‘We are stunned by the death of Pfc. Duenas-Aguilar,’ the brigade spokesperson said. ‘In the meantime, we will continue to cooperate with Army and local investigative authorities on this matter.’

The website with which he spoke reported that Duenas-Aguilar was awarded two Army Achievement Medals, the Army Good Conduct Medal, the National Defense Service Medal, the Global War on Terrorism Service Medal, and the Army Service Ribbon during her six years of service.

During that span, she also fathered a four-year-old son, but as her sister mentioned, had also may have been planning to leave the Army.

Reports indicate she gave birth while still stationed at Fort Campbell in Kentucky – located a 14 minute’s drive from Duenas-Aguilar’s apartment on Tiny Town Road in Clarksville, Tennessee.

As of writing, it remains unclear who the father is. Police have yet to issue a statement as to a suspect.

Carmen, meanwhile, issued a plea to both the Clarksville and Fort Campbell communities to help with the investigation, as she and others crowded around a podium for the press conference in Dallas, pleading for the public to provide any information that may lead to an arrest and conviction.

‘We are destroyed,’ the tearful mom said, nearly crying at points. ‘My heart breaks.’

‘I ask for justice. As everyone knows, this is not the first [case], there have been several others,’ Carmen said Saturday in reference to other high-profile cases of Latina soldiers who’ve lost their lives, like Vanessa Guillén, who was killed at Fort Cavazos, formerly known as Fort Hood, near Killeen, Texas, in 2020.

There, in addition to her post in the brigade, she worked as an information technology specialist, positions she had held for the past five years, the family said.

There, in addition to her post in the brigade, she worked as an information technology specialist, positions she had held for the past five years, the family said.

Reports indicate she gave birth while still stationed  in Kentucky - at base six miles from the apartment where she was found. The boy's father has not been named, nor has a suspect. The boy was not a victim in the killing, cops confirmed

Reports indicate she gave birth while still stationed  in Kentucky – at base six miles from the apartment where she was found. The boy’s father has not been named, nor has a suspect. The boy was not a victim in the killing, cops confirmed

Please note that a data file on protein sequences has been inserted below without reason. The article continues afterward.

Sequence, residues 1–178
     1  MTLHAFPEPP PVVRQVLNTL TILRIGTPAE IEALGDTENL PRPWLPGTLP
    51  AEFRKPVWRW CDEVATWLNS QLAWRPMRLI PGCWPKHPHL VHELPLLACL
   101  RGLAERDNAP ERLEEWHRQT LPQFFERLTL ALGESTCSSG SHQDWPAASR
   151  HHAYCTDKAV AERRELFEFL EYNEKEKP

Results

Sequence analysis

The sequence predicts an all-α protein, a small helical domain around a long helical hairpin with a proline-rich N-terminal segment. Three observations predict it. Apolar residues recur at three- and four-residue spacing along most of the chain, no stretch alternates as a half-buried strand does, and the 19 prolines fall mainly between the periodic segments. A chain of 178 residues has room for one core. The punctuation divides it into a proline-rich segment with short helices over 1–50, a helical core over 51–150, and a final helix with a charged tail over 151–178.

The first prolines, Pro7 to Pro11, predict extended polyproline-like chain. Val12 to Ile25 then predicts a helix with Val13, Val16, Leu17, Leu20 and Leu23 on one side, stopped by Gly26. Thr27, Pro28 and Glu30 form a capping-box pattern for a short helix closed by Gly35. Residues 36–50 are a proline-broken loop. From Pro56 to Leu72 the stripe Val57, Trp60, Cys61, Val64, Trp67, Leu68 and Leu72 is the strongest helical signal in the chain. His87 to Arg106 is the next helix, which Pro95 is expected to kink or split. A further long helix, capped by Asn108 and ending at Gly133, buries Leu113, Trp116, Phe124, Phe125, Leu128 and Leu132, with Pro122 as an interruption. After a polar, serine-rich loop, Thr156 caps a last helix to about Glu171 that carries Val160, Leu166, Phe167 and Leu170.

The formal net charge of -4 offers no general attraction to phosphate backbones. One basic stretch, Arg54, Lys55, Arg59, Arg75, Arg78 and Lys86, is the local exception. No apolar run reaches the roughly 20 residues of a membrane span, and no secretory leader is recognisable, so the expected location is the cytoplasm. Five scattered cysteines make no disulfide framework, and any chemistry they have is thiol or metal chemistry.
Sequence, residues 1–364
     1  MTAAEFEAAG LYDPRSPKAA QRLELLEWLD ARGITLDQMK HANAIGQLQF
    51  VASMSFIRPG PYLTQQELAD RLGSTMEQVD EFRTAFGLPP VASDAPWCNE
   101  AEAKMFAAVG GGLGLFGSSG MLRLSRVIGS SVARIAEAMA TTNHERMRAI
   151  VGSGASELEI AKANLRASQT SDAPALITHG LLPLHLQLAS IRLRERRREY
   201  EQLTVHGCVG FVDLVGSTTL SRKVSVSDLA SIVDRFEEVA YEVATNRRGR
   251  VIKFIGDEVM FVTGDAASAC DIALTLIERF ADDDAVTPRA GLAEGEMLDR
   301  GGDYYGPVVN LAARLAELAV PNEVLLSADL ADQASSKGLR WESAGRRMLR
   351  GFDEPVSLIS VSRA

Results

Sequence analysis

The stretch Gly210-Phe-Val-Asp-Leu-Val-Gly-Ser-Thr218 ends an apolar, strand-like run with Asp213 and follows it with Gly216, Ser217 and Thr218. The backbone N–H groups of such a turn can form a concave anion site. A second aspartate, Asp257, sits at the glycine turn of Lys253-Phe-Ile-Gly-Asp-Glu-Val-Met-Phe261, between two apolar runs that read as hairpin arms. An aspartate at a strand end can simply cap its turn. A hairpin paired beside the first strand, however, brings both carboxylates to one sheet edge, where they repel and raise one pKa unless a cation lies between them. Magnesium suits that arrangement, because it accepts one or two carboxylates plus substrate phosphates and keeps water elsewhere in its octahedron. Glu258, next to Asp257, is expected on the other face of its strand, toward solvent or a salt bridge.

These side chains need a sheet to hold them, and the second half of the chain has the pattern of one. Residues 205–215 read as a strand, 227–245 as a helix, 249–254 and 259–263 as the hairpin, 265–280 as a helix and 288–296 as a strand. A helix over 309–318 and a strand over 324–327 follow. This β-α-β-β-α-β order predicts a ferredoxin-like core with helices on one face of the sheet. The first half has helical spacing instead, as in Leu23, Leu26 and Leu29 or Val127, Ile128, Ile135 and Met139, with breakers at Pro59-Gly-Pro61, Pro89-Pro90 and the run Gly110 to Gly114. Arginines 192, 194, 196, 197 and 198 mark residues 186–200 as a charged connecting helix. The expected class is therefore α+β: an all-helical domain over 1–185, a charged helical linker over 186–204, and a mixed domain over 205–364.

‘She is not the first one.’ 

Her daughter, meanwhile, was originally from Mesquite, Texas, she revealed – stating how she had been stationed at Fort Campbell in Kentucky since 2019. 

There, in addition to her post in the brigade, she worked as an information technology specialist, positions she had held for the past five years, the family said.

She was found by a friend at her apartment six miles away, with very little other information offered by local cops.

The girl’s younger sister added how after the victim told her she was thinking about retirement, she suddenly changed her mind – citing a meeting with a counselor at the base.

The family did not go into detail about why she was unhappy and considering leaving, nor did they say whether these feelings were somehow tied to the case.

Cops, meanwhile, confirmed her son was not a victim in the crime, nor did they offer any insight as to where he was at the time of his mother’s killing.

They ruled the death a homicide, but have declined to say how she was killed.

A $55,000 reward from the family and LULAC was subsequently announced for any information that may help the Clarksville Police Department solve the case, as military law enforcement helps as well.

Analuisa Carrillo-Tapia of the LULAC National Military and Veterans Committee on Saturday said: ‘This is a human being. This is a Latina. This is a young lady that signed on the dotted line to serve our country. 

 ‘We want to know what happened, who did it and we want the person or people who did it brought to justice.’

DailyMail.com has reached out to the Clarksville Police Department for comment.